Weekend agreement on budget and transportation package marks successful conclusion to long legislative session

Gov. Jay Inslee and legislative leaders broke through the logjam to reach agreement on the state’s operating 2015-17 operating budget and the first comprehensive transportation package in a decade. To us, that looks like a remarkably productive weekend. With a deadline looming, negotiators made the compromises necessary to put the interests of the state first. While all of the details have yet to be released, the basic elements of the agreements are clear.

The governor’s statement on the operating budget provides highlights and statements from legislative leaders.

Outline of the bipartisan agreement on 2015–17 operating budget

  • Invests about $1.3 billion in K-12 basic education to address growing school needs, meets the state’s constitutional obligations, expands access to full-day kindergarten and decreases class sizes in grades K-3.
  • Reduces the cost of tuition at the state’s four-year colleges and universities and two-year community colleges, and increases funding for College Bound scholarships. 
  • Makes a major investment in early learning, including Early Start and the Early Childhood Education and Assistance Program.
  • Increases funding for state parks.
  • Fully funds collective bargaining agreements for state employees and home care worker contracts and retirement benefits.
  • Funds the Initiative 732 cost-of-living raise for teachers, plus funds for additional teacher compensation.
  • Makes investments to address court-mandated fixes in the state’s mental health system and increases funding for other important social services.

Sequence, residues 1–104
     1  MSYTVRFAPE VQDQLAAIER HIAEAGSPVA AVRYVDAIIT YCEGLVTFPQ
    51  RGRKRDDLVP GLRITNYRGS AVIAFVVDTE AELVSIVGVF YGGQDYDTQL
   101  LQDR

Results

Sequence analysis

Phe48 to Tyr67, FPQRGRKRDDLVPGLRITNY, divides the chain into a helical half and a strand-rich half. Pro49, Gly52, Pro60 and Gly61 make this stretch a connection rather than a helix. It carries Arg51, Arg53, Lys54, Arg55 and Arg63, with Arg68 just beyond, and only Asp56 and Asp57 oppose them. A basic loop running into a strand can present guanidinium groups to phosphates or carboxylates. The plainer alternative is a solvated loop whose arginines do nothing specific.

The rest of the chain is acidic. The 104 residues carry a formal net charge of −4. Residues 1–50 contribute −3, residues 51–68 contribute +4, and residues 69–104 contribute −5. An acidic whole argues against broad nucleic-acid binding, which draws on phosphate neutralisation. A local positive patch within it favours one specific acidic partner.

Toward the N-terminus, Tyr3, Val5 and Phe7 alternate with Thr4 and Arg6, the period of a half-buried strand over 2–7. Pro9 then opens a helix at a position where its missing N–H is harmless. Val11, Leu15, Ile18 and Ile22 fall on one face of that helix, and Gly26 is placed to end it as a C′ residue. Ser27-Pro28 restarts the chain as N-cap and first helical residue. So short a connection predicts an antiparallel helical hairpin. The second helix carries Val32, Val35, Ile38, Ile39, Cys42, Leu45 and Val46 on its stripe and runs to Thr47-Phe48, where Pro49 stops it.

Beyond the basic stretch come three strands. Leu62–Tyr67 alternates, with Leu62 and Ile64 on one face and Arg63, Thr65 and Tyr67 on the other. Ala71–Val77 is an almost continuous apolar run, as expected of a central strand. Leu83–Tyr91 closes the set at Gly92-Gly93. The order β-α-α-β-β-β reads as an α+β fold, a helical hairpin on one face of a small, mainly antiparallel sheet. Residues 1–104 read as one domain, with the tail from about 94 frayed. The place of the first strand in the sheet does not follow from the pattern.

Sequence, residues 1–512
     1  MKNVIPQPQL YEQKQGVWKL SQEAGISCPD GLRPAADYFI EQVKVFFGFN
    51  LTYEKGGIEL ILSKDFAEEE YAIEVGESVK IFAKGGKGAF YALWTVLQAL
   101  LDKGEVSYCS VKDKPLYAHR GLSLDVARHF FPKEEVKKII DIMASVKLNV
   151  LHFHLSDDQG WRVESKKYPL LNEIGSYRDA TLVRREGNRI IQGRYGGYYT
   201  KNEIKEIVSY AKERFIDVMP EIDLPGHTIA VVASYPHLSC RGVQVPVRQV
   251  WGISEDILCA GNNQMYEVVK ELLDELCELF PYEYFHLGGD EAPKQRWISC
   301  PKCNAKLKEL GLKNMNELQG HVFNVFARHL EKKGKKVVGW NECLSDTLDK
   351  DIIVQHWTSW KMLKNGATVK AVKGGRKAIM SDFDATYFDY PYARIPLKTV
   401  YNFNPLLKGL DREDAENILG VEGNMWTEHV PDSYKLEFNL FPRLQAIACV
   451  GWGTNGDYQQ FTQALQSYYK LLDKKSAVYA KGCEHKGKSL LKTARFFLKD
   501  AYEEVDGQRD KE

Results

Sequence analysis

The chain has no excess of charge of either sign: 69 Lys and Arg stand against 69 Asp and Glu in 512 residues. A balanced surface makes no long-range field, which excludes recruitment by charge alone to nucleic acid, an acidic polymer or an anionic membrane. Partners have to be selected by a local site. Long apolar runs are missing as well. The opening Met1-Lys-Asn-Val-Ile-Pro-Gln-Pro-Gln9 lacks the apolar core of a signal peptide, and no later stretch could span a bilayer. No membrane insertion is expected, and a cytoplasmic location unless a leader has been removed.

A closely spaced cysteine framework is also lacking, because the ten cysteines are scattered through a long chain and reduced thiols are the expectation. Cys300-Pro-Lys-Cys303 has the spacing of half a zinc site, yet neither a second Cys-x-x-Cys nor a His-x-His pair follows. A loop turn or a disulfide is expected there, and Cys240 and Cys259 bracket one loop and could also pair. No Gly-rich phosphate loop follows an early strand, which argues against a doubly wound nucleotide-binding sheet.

• Provides a 2015–17 operating budget of about $38 billion and meets the state’s four-year balanced budget requirement.
  • Funding sources include account transfers and a net increase in revenue from closing tax exemptions and extending some current exemptions that support needed jobs. Includes provision to expand Washington’s ability to collect taxes from out-of-state entities that make sales within the state.

On transportation, the governor made a key concession

“The current bill has a poison pill that pits clean air against transit. I oppose that and have worked hard to find a better alternative. But legislators tell me it is essential to passing the $15 billion multi-modal transportation package and authorizing an additional $15 billion for Sound Transit light rail expansion.

“I will sign the bill even with this provision because of the jobs, safety improvements and traffic relief that the investments would provide.

Stories on transportation in the Associated Pres, the Olympian, Crosscut, and the Seattle Times.
While there’s still work to be done, the weekend’s progress suggests a successful conclusion to a difficult, lengthy legislative session.